Living as nomad designer - Interview with Zen Lightman from Bali.
Apr 8, 2022
Humankind has a history of being nomadic.
Think foragers who move from camp to camp in search of available food.
While the majority of us no longer need to hunt seasonal food out in the wild, technology being at the forefront of our world has enabled a new kind of nomadism on a massive scale: the so-called digital nomad.
In case you haven’t heard of it, the digital nomad lifestyle is all the rage among millennials nowadays. From its humble beginnings as an underground movement, the phrase has come out of the shadows and made the headlines of major news sites lately.
Although slowly gaining popularity, digital nomads seem to carry this mysterious, enigmatic air with them as they roam around the earth. They evoke the type of public interest that international spies used to evoke, even though most DNs avoid attention like the plague.
Having lived off of a suitcase and a MacBook for three years, I still refrain from calling myself a digital nomad in keeping with the clandestine spirit of this quiet rebellion. But I can share with you my two cents on what digital nomadism is and how to become one, from three years of living in 22 cities and 15 countries.
What is a digital nomad?
Many digital nomads who live the lifestyle don’t really brand themselves as one, but a few advocates have made it very clear that there is a distinct difference between a digital nomad and an expat.
In essence, a digital nomad is always on the move with their work. Although their work often doesn’t require them to travel, digital nomads’ self-initiated travels take them to places where they experience new locales without sacrificing work time. They achieve this by carrying out work that can be done as long as there is quality internet connection.
Compared to expats who move permanently to a new country, digital nomads never settle. They aren’t seen with packs of tourists either—as they love to explore places the “local” way. They tend to travel slowly through places. After some time they will pick up and move on to the next location, never making a permanent home for themselves.
Why would you want to become a digital nomad?
It’s a never-ending debate on whether or not becoming a digital nomad is worth the sacrifice.
On the bright side, remote work frees us from the soul-sucking routines that drain our creativity. Most of us find ourselves involuntarily stuck in a rut called 9 to 5 office life right after college. The promise of becoming a digital nomad is to travel the world while working online to pay your bills. And most of the time, traveling outside of cities where the cost of living is high means less bills to pay. Earning $2000 a month can be more than enough to live comfortably from Barcelona to Bali.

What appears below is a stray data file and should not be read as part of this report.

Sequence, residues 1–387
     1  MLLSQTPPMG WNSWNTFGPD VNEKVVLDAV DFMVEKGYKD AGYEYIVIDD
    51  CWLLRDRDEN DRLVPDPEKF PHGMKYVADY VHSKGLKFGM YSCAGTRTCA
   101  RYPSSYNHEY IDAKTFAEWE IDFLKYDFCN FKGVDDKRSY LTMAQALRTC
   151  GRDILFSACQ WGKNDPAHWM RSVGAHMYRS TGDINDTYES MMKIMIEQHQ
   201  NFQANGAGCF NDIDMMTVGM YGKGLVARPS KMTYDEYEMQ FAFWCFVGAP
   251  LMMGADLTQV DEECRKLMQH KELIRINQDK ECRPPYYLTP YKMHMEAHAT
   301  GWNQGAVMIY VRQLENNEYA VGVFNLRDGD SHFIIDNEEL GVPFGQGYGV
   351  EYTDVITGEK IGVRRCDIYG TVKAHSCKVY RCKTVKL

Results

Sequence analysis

Remote work allows more flexibility in when you work, where you work and how you work. Most digital nomads have some sort of control over their work schedule, or are not required to work fixed hours. They can also change things up a bit by working from home, a cafe, a library or coworking space.
Moreover, digital nomads don’t have to sit with coworkers in the same space everyday, freeing them from interpersonal politics. For those more introverted or who require more interrupted work time, digital nomadism seems to be the cure. More focused work, increased productivity and work-related happiness is commonly reported among these workers.
However, it comes with its sacrifices. The most prominent one being social isolation as a result of uprooting too often. One or a few months living in a city is certainly not enough to cultivate lifelong connections. While nomads have the breadth of experiences, they can suffer from lack of depth in their interpersonal relationships over time.
There are plenty of cost effective learning tools out there to suit your needs as you get started learning a new digital skill. A mentored online course makes it easier to learn the necessary practical skills in a structured way: consider something like the CareerFoundry UX design course, which also comes with a job guarantee.
Once you have acquired the digital skills, you can find remote jobs on sites like weworkremotely, RemoteOk, Remote.com and more. Before taking the leap of faith, make sure that your team have systems in place to make remote working smooth and easy. Your work is done best when everyone is on the same page (i.e. remote) so that you are not left out of important work conversations.